Under Lieggi, Ames earned the ISBE’s Academic Excellence Award for posting meet and exceeds rates of more than 90 percent for three straight years. Lieggi was once reportedly described by former Superintendent Jonathan Lamberson as the most competitive person he had ever met.

School board President Mary Rose Mangia also was not anxious to discuss what might have happened at Ames in the past. She was asked by the Landmark what might have led to the steep drop in scores at Ames in the very first year after Lieggi had left. 

“All interesting questions; questions without answers,” Mangia said. “But they’re not going to be pursued, so I don’t what the value would be of reporting much on that, because nobody’s going to look into it.

“Whatever happened two years ago, or the year before that, or the year before that, they’re going to have do something different this year and next year. We want them to raise the scores of all schools, all five of them. Whatever happened at Ames two years ago probably won’t help us do that.”

Mangia noted that since the entire district administration is new and Lieggi is no longer working in District 96, it may serve no purpose to look deeper into what happened in previous years.

“If she was certainly still here we would have to look into it,” Mangia said.

School board Vice President Rachel Marrello said that she also noticed the steep drop in scores at Ames and said that she is in favor of looking into it.

“I noticed that too,” Marrello said in an email. “I’m not sure why, but it definably warrants further review.”

However, board member Art Perry said that he wasn’t drawing any conclusions based on last year’s ISATs, because the test had been changed, passing scores had been raised and last year was the final year that the ISAT will be given in Illinois.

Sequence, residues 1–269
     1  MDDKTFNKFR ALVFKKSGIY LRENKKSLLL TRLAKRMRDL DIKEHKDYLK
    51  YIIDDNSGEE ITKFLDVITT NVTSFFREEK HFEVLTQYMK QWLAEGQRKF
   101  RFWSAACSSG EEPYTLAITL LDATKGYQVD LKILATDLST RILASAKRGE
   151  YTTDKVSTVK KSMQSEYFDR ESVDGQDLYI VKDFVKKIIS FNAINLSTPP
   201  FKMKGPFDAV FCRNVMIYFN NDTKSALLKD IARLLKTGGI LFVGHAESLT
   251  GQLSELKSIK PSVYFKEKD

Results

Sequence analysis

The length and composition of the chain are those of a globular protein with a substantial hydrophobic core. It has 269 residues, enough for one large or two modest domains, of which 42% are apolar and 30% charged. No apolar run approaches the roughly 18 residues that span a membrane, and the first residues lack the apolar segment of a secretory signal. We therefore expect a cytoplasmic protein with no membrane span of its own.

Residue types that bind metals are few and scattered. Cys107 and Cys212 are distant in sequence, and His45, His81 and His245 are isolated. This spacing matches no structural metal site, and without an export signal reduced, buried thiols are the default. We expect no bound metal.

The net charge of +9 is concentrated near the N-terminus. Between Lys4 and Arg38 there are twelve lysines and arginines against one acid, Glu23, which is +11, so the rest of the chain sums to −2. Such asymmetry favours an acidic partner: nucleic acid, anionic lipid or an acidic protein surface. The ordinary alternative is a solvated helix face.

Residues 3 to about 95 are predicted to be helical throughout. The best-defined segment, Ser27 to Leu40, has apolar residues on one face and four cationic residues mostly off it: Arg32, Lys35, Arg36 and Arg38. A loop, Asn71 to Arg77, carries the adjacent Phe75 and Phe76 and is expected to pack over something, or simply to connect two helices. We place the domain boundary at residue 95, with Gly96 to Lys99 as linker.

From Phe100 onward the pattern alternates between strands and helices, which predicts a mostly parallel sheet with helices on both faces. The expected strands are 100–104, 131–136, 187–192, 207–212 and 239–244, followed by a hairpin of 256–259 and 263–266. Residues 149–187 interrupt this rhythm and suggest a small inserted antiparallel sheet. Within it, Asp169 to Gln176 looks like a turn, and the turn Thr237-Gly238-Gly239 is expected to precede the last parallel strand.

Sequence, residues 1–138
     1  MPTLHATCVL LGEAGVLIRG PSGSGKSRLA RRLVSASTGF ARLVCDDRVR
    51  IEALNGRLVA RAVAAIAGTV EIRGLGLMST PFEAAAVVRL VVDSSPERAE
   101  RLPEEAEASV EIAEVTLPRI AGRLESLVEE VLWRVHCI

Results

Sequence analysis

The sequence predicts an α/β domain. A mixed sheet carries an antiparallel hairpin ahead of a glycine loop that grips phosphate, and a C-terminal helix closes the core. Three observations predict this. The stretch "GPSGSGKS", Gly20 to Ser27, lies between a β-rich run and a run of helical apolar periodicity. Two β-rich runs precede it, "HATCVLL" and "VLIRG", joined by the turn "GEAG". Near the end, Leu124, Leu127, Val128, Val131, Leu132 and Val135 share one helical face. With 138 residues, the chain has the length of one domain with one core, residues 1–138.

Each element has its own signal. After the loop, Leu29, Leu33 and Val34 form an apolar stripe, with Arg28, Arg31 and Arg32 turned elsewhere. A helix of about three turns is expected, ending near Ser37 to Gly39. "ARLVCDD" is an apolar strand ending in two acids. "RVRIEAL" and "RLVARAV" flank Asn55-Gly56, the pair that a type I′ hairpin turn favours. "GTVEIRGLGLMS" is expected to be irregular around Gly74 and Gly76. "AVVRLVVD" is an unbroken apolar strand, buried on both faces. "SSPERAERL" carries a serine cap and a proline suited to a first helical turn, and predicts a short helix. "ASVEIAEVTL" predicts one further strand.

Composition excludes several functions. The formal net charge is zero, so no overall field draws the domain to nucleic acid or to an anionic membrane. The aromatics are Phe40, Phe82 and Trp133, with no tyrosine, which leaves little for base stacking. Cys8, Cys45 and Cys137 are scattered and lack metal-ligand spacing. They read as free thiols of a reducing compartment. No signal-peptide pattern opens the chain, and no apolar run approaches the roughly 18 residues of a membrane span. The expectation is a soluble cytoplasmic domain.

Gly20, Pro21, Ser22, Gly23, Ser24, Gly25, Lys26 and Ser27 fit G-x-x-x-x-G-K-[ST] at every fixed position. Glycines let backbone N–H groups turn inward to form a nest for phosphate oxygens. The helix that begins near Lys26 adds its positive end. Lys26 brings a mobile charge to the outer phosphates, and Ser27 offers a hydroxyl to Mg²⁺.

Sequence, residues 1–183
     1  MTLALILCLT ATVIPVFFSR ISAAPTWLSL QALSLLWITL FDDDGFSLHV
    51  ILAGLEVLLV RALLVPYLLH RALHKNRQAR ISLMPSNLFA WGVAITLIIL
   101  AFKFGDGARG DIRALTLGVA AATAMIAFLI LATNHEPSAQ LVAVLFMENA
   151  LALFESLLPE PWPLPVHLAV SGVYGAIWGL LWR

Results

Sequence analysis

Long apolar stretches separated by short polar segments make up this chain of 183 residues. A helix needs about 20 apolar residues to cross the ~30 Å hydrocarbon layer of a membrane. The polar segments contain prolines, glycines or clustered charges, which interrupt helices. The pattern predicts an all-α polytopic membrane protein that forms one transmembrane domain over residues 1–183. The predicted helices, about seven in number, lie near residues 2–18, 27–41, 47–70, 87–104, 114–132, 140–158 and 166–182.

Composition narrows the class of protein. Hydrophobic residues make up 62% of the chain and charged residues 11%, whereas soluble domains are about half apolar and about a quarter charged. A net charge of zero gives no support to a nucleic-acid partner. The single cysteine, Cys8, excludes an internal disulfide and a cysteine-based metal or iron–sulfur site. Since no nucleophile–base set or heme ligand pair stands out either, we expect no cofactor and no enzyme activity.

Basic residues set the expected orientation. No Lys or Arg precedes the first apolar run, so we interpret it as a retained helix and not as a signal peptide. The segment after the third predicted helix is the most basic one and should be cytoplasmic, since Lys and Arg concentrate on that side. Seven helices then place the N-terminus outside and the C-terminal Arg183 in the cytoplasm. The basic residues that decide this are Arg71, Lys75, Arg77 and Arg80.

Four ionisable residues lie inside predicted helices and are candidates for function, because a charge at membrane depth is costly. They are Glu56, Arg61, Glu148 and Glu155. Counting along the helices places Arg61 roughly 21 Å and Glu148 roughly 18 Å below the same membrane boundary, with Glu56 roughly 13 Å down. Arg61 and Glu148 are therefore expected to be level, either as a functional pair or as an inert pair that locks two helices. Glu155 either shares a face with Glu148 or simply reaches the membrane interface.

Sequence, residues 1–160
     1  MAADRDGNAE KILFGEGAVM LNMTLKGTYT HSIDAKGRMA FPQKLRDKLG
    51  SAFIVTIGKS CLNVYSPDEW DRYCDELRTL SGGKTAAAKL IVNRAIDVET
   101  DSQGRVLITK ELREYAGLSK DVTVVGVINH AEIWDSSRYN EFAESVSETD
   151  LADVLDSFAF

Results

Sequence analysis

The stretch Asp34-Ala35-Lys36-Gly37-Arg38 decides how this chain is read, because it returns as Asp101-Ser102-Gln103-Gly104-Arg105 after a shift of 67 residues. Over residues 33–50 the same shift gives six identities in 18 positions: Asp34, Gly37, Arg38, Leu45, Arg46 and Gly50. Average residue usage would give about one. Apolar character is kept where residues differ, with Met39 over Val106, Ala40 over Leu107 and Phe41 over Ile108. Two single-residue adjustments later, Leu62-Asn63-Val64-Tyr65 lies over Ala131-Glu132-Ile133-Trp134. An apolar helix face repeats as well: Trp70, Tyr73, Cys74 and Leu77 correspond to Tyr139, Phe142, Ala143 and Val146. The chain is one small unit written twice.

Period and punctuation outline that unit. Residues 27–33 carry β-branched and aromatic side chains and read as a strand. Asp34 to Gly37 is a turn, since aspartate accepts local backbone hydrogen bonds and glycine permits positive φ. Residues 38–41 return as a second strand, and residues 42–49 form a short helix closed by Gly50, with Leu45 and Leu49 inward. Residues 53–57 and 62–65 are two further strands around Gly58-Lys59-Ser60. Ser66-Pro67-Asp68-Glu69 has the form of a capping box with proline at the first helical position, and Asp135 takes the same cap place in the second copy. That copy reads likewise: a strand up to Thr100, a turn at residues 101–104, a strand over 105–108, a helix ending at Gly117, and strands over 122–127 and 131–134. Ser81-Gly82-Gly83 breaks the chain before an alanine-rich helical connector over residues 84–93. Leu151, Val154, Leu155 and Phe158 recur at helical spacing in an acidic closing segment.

“I am very reluctant to really draw conclusions from this test,” Perry said. “It’s very difficult to compare. I find it very difficult to figure out what kind of conclusions to draw, because everything’s so much in flux right now.”

ISAT results a mixed bag in D94, D95

In March, the state of Illinois administered the Illinois Scholastic Achievement Test (ISAT) for the last time as the state transitions to a new test in 2015. Last year's ISAT scores were mostly unremarkable in Brookfield LaGrange Elementary District 95 and Komarek School District 94.

One highlight at Brook Park School was last year's fourth-grade class, which increased their scores in math by 9.7 percent compared to how they did the previous year as third-graders. The fourth-graders' reading scores increased by 2.9 percent compared to how they performed as third-graders.

"We're very happy with our results at Brook Park," said Principal Mike Sorensen.

The fifth-graders' scores at Brook Park went up 7 percent in math, but declined 1.3 percent in reading compared to their scores last year.

At Brook Park, 68.5 percent of third-graders met or exceeded state standards in reading, with 25.2 percent exceeding standards and 43.3 meeting the state standard. Thirty percent of Brook Park third-graders scored below state standards while 1.6 percent scored in the lowest category, academic warning.

Meanwhile, 75.9 percent of white third-graders at Brook Park met or exceeded the state standard in reading, while 58.8 percent of Hispanic third-graders did. And 56 percent of low-income third graders at Brook Park met or exceeded the state standard in reading.

At S.E. Gross Middle School, 73.1 percent of eighth-graders met or exceeded state standards in reading, but Gross School eighth-graders had more trouble in math, with 59.3 percent meeting or exceeding the state standards, just below the state average of 59.9 percent.

At Komarek School, 77 percent of eighth-graders met or exceeded the state standards in reading, while 73.8 percent did so in math. Weak spots at Komarek in 2014 included fifth-grade math, where only 45.3 percent of students met or exceeded state standards and sixth-grade reading, where 56.7 percent of students met or exceeded state standards.

"There was one class that was kind of down, but for most part the rest of the group did pretty well," said District 94 Superintendent Neil Pellicci.

—Bob Skolnik